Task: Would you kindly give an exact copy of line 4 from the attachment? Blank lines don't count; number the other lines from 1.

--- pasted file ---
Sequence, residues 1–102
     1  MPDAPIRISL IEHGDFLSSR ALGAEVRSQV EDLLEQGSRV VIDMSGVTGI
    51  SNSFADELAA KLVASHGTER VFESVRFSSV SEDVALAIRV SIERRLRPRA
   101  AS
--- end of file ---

   101  AS